Dyslexic brains have trouble learning the correct scripts to connect sounds with written letters. You have problems storing the scripts in the left side of your brains as sight words. This gives you problems remembering the right words or breaking words down into their separate sounds.

You continue to sound the words out every time. To help sound out the words, dyslexic brains fire on both sides. You might even move your lips to use as much of your brain as possible to figure out the words, turning the letters back into sounds

Sounding out each word every time uses time and energy as lots of neurons in your brain fire inefficiently. The scripts are not very strong. It is a slow and tiring way to read.

Out of Time
We have, at most, two seconds to read a word and understand its meaning. If we don’t sound the word out in that time, we begin to forget it. Dyslexics often take a half second or more to sound a word out. If it is a hard word, it can take more than two seconds to decode. And so you begin to forget it.

Dyslexics use more time, and more of the right hemisphere of your brains to read a word. This means you burn more energy to read. And you might forget what you are reading as you sound it out.

Out of Energy
When really working on a problem, it is possible for anybody to literally run out of energy for higher-level thinking. People who are dyslexic work even harder than fluent readers to make letters make sense, and hold them in your brains long enough to understand the words. Because you have to work so hard at reading, your brain may use about five times more energy as fluent readers. Dyslexics work harder, and run out of energy faster and more often. This is why you may feel exhausted after a day at school.

Most people use about ten watts of energy to power their brain. When reading, dyslexics use five times more energy than fluent readers or 50 watts – about the same amount of energy as is needed to power a laptop computer!

To make reading automatic — to turn letters into a sight word — dyslexic readers have to see a word many more times than non-dyslexics do. But eventually, you being to recognize words without decoding them every time.

“Because of the dyslexia I always thought I had to work twice as hard as everyone else just to go the same distance.”

– Orlando Bloom, star of Lord of the Rings, Pirates of the Caribbean, and Blackhawk Down

For many dyslexics, reading may always be slow. It may never be fun. Writing may always have mistakes. Those are hard facts for you to deal with.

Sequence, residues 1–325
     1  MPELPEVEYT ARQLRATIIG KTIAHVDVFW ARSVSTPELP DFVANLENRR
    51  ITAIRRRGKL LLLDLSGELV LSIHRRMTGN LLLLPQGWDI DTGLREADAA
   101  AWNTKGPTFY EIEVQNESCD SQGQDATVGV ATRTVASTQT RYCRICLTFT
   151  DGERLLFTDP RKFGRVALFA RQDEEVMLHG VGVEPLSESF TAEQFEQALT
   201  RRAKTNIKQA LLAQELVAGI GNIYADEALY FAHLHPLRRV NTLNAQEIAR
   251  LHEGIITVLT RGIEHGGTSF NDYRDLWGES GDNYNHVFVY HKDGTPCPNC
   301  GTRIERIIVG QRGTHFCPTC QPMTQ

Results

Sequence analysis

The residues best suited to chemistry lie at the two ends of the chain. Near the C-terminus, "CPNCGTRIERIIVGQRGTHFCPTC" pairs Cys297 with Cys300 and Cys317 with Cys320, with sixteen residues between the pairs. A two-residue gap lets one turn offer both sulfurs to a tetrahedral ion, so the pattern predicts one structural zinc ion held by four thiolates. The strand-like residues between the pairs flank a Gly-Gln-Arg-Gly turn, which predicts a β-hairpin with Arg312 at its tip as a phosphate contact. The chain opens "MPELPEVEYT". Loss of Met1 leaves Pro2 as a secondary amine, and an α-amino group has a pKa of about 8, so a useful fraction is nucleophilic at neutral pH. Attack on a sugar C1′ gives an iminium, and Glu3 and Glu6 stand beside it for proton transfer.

But dyslexics have other strengths.


Armstrong, Thomas. 2003. “Coming to Grips with the Musculature of Words.” In The Multiple Intelligences of Reading and Writing: Making the Words Come Alive.
Association for Supervision & Curriculum Development.

Beilock, Sian. 2010. Choke: What the Secrets of the Brain Reveal about Getting It Right When You Have To. 1st Free Press hardcover ed. New York: Free Press.

Bloom, Orlando. “Orlando Bloom.” Search Quotes. Accessed November 9, 2017a.

Eide, Brock, and Fernette Eide. 2011. The Dyslexic Advantage: Unlocking the Hidden Potential of the Dyslexic Brain. New York: Hudson Street Press.

Nicolson, Rod, and Angela Fawcett. 2008. Dyslexia, Learning, and the Brain. Cambridge, Mass: MIT Press.

Shaywitz, Sally E. 1996. “Dyslexia.” Scientific American, 1996:98-104.

———. 2003. Overcoming Dyslexia: A New and Complete Science-Based Program for Reading Problems at Any Level. 1st ed. New York: Knopf.

“Dyslexic Kids’ Brains Work Harder.” 1999. University of Washington Alumni Magazine. Learning Curves. October 6, 1999.

Wolf, Maryanne. 2007. Proust and the Squid: The Story and Science of the Reading Brain. 1st ed. New York, N.Y.: Harper.

Wood, Tracey. 2006. Overcoming Dyslexia for Dummies. – For Dummies. Hoboken, NJ: Wiley.

Zimmer, Carl. 2006. “You’re a Dim Bulb (And I Mean That in the Best Possible Way).” The Loom. DISCOVER Magazine. March 23, 2006.

Published by Amy Law

Amy Law is a science geek. She feels about science the way some people feel about music, or art, or sports – a total and complete emotional connection. She thinks in science. For Amy, there’s nothing better than helping people see the beauty of science as she does. She loves to untangle a complicated subject into its parts, explaining it so that anybody can understand what’s happening. Let her show you her world...

Leave a Reply

Fill in your details below or click an icon to log in: Logo

You are commenting using your account. Log Out /  Change )

Google photo

You are commenting using your Google account. Log Out /  Change )

Twitter picture

You are commenting using your Twitter account. Log Out /  Change )

Facebook photo

You are commenting using your Facebook account. Log Out /  Change )

Connecting to %s

%d bloggers like this: